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Woman Charged with Murder 36 Years After Newborn ‘Baby Jane Doe’ Was ‘Abandoned in Below Zero Temperatures’ in Gravel Pit

Lee Anne Daigle, via the Aroostook County Courthouse.

Lee Ann Daigle, via the Aroostook County Courthouse.

A 58-year-old Massachusetts woman was arrested for allegedly leaving her newborn baby to freeze to death in the woods of Maine more than 36 years ago, authorities say.

Lee Ann Daigle, formerly known as Lee Ann Guerette, was taken into custody and charged with one count of murder for allegedly killing “Baby Jane Doe” in 1985.

Detectives with the Maine State Police on Monday traveled to Lowell, Massachusetts where they arrested Daigle outside of her home without incident, a Maine Department of Public Safety press release said. Daigle subsequently waived extradition and was transported back to Maine that morning.

Authorities say that Baby Jane Doe’s body was discovered in Frenchville, Maine on Dec. 7, 1985. A local dog was the first to come across Baby Jane Doe, carrying the newborn’s body in her mouth approximately 700 feet back to her owner’s home, according to state police.

The dog’s owners, Armand Pelletier and Lorraine Pelletier, in 2014 told the Bangor Daily News that they were shocked to discover what Paca, their Siberian Husky, had brought back.

“This is something you don’t forget,” Armand reportedly told the newspaper. He reportedly said that Paca came home quickly after being let out, returning to the sliding glass door in the back of the house and trying to get the attention of her owners.

“She kept pounding at the door’s window to get back in,” Armand continued. “She kept pounding, and after awhile, I went to go look, and I could not believe what I saw. I saw what looked like a little rag doll, but then we saw it was a frozen little baby.”

Lorraine reportedly described the baby as a “cute little girl with reddish brown hair.”

The Pelletiers noted that Paca carried the baby’s body very carefully, and law enforcement reportedly confirmed that the dog did not contribute to the baby’s death in any way.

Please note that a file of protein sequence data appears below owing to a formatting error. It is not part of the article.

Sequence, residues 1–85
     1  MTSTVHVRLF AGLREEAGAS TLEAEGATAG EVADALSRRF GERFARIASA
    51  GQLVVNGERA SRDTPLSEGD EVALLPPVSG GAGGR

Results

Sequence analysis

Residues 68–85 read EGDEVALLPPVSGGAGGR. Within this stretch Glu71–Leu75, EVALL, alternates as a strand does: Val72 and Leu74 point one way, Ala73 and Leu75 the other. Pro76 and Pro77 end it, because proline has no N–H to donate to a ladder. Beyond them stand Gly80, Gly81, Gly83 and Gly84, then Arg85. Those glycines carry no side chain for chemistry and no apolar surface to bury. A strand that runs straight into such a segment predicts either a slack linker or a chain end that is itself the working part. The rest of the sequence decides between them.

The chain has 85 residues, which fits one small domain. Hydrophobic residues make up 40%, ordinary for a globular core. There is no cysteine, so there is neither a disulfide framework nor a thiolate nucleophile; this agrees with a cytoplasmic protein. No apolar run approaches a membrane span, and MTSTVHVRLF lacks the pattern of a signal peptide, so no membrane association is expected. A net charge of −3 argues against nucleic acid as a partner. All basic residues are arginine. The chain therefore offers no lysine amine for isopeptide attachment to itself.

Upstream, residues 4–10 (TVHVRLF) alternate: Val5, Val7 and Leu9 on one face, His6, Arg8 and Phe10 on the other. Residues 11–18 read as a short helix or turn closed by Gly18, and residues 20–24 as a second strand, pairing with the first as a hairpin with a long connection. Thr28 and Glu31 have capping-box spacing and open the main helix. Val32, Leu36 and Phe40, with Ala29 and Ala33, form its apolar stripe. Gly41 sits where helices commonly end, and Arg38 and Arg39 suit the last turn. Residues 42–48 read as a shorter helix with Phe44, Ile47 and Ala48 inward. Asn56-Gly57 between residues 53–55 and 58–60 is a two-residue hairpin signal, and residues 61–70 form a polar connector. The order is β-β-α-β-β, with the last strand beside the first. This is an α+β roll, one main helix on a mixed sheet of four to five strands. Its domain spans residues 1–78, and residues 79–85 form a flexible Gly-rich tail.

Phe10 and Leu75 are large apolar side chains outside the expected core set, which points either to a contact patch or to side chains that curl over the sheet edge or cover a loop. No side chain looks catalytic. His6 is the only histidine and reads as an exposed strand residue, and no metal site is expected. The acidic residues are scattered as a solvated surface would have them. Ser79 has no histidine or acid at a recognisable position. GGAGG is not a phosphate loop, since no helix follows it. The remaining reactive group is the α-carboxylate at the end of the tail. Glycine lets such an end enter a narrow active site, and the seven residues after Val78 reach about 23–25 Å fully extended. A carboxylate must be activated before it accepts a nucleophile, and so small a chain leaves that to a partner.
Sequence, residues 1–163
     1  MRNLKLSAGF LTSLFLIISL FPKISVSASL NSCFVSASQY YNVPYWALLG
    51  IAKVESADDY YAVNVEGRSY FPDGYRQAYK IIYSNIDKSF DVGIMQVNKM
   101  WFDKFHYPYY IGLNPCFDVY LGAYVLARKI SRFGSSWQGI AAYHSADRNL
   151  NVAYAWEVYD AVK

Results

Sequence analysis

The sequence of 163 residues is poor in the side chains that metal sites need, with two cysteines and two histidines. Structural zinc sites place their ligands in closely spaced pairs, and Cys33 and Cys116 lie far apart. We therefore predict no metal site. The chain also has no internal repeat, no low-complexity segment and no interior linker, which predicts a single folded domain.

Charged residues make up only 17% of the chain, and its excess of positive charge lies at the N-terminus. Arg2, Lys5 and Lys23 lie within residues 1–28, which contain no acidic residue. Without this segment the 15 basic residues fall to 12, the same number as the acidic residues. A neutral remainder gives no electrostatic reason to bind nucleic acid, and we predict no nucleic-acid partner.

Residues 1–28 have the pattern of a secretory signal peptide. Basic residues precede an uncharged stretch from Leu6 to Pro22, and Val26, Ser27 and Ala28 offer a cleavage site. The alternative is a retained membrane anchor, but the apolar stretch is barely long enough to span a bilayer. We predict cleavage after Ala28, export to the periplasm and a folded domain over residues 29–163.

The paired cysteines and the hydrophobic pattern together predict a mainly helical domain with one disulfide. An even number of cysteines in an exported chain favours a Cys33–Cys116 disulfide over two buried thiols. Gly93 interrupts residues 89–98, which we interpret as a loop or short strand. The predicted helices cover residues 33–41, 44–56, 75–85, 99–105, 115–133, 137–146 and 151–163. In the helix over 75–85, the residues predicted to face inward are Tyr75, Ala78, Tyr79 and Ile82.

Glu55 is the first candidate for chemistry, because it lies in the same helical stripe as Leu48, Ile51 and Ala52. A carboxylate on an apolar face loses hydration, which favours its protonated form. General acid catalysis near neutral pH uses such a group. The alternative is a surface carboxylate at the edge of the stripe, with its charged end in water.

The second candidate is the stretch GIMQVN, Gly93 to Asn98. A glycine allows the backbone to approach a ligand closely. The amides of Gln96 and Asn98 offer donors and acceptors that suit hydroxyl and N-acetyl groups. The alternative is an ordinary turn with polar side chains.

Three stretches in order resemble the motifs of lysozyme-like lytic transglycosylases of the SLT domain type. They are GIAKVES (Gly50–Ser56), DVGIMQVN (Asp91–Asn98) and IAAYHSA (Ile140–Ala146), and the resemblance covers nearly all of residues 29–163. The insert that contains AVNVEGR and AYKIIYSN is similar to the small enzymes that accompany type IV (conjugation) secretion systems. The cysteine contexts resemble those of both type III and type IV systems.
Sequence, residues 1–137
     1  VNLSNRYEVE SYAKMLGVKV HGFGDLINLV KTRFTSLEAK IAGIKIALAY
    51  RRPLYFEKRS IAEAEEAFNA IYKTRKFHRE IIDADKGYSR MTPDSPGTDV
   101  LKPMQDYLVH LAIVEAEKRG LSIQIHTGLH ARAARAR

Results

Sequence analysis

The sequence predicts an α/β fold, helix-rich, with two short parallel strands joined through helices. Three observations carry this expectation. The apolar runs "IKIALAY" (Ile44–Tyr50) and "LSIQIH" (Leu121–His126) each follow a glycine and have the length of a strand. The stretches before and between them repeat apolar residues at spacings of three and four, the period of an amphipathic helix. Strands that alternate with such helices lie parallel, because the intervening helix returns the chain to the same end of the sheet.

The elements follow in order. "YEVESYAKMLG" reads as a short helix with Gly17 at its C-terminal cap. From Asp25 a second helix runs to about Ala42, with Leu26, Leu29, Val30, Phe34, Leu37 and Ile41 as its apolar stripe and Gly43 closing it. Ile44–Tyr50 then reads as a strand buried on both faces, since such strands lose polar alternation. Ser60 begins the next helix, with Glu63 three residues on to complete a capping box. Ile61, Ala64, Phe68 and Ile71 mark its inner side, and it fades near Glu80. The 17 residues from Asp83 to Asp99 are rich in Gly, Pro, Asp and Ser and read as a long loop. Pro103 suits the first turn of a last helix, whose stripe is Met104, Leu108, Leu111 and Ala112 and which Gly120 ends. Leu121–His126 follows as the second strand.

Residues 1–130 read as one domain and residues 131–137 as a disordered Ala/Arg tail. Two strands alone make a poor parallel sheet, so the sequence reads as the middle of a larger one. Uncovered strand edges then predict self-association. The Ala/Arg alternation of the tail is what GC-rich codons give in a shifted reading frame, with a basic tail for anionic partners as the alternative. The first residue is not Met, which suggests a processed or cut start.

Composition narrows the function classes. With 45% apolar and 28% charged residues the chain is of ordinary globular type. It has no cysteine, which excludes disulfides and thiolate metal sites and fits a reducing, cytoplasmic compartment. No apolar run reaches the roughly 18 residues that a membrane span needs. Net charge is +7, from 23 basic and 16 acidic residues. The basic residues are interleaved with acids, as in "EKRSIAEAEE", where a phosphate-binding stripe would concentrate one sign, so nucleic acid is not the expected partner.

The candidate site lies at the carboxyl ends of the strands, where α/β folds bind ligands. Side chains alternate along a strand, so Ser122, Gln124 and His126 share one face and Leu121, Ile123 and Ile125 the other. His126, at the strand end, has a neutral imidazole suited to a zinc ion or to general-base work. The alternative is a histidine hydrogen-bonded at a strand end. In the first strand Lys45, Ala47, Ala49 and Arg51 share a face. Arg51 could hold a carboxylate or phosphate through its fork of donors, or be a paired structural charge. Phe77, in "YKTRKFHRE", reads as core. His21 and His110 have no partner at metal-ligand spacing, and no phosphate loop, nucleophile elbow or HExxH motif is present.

“There were some wounds in her head, but they were completely superficial,” then-Aroostook County Sheriff James Madore reportedly said. “The dog did nothing to hurt that little baby.”

Detectives with the Maine State Police responded to the scene and were able to track the path that the dog took back to the location where the child had been abandoned. Recent snowfall had reportedly made it easy to retrace the canine’s steps. Based on the evidence at the scene, investigators were able to determine that Baby Jane Doe “was born and then abandoned in below zero temperatures” at the bottom of a gravel pit.

The state police were able to identify Daigle as Baby Jane Doe’s mother thanks to technological advancements in the fields of DNA profiling and genetic genealogy, the press release said. After identifying Daigle as the mother, state police worked in collaboration with the Maine Attorney General’s Office to present probable cause evidence to a criminal grand jury.

An Aroostook County Grand Jury returned an indictment against Daigle on one count of murder. A warrant was issued for her arrest. She is currently being held at the Aroostook County Jail in Houlton. She made her first court appearance Tuesday at 11:30 a.m. via Zoom at the county courthouse.

Since Baby Jane Doe’s death, Maine has instituted a Safe Haven law allowing parents to surrender their children at approved locations without penalty, provided that the child is less than 31 days old.

Read the press release below:

[Image via Aroostook County Courthouse]

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Jerry Lambe is a journalist at Law&Crime. He is a graduate of Georgetown University and New York Law School and previously worked in financial securities compliance and Civil Rights employment law.